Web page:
Volkswagen Touran first drive

Volkswagen Touran

Volkswagen Touran





We know MPVs or ‘people-carriers’ have lost out in terms of sales throughout Europe to the status enhancing and fashionable SUV/Crossover type models.

The tide could turn because customers who prefer practicality as opposed to following fashion now we have available plenty of alternative new and revised MPV models to choose from.

One such range is the second generation Touran seven-seater MPV priced from £22,270 to £31,535. This second generation Touran has arrived 13 years after the original which gained close to 2.0-million global sales of which around 100,000 sales went to UK customers. The UK’s MPV market in 2015 was worth 131,085 sales, a fall of 21% over those achieved in 2014. By comparison SUV sales in the UK increased by 21.5% to 355,118 units to become the third largest sales sector after Superminis and Lower Medium family cars.

Traditional best sellers in the UK’s MPV market sector are the Citroen C4 Picasso and Grand Picasso, Ford C-Max, S-Max and B-Max, Vauxhall Zafira Tourer and the VW Touran – but there are others big and small.

The latest Touran is based upon VW’s highly rated Golf. It uses a version of the same MQB platform and mechanical components but it is larger inside and out. The length has increased by 130mm to 4,527mm, it is wider, it’s marginally lower for better aerodynamics and the wheelbase is 113mm longer at 2,791mm so that has resulted in more legroom for the three rows of seven independent seats. For good child safety all five seats in the middle and third rows have Isofix child seat preparation. There is a full range of seven airbags and for good measure an automatic post collision braking system is standard fit on all versions.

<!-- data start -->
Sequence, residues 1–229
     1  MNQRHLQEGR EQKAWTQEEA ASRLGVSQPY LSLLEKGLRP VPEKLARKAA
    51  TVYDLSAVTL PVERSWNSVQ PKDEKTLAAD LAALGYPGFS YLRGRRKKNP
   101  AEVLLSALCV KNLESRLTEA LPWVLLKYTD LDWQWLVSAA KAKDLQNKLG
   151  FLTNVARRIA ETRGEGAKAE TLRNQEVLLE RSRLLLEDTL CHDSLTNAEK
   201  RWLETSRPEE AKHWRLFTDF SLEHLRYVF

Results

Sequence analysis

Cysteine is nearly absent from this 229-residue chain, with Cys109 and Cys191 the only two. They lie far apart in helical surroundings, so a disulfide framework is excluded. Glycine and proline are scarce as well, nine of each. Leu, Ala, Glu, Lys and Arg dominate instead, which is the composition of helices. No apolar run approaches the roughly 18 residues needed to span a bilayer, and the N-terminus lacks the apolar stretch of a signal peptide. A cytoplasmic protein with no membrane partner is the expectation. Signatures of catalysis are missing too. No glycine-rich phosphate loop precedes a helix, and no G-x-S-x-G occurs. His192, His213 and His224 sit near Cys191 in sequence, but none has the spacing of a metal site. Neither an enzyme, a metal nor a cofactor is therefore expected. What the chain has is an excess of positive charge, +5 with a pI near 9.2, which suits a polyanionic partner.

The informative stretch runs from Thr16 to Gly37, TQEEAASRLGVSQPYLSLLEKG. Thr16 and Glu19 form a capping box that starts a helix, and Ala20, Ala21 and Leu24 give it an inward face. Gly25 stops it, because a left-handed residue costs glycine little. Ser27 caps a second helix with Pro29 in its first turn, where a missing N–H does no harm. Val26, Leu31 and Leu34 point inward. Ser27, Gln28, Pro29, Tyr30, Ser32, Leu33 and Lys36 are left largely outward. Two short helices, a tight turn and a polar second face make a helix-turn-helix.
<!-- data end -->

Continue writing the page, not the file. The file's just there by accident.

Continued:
To maximise the multiple seating and load carrying combinations each of the three individual middle row seats and two separate rear row seats all fold flat to create a maximum cargo space of 1,857-litres. With the rear row of seats in use the boot capacity is 137-litres but with the third row folded down, the most common use, the figure is 917-litres and there are 47 different storage compartments to lose stuff in. For maximum seating flexibility each one of the middle row of three separate seats individually slides fore and aft. The rear passenger doors open wide so access to the middle and rear rows is easy. With good headroom throughout the new and roomier Touran measures up as a mid-sized MPV for family or business use and for active lifestyles where size matters.

There is the choice of five trim and equipment levels; S, SE, the new SE Family level, SEL and R-Line. When it comes to engine choices there are five – two petrol and three diesels. The is a 1.2 TSI 110hp petrol with a six-speed manual gearbox, a 1.4 150hp petrol with manual or auto transmission options, a 1.6 TDI 110hp turbodiesel manual or auto, a 2.0 TDI 150hp turbodiesel man or auto or a 2.0 TDI 190hp turbodiesel with a six-speed twin clutch DSG auto box as standard. The engine choice available depends of the spec level chosen. The new or uprated engines are claimed by VW to be 19% more efficient than the engines they replace. Volkswagen says that out of the 4,000 Tourans they sold in the UK last year 90% were diesel models with the 1.6 litre being the most popular due to its lower purchase price and running costs.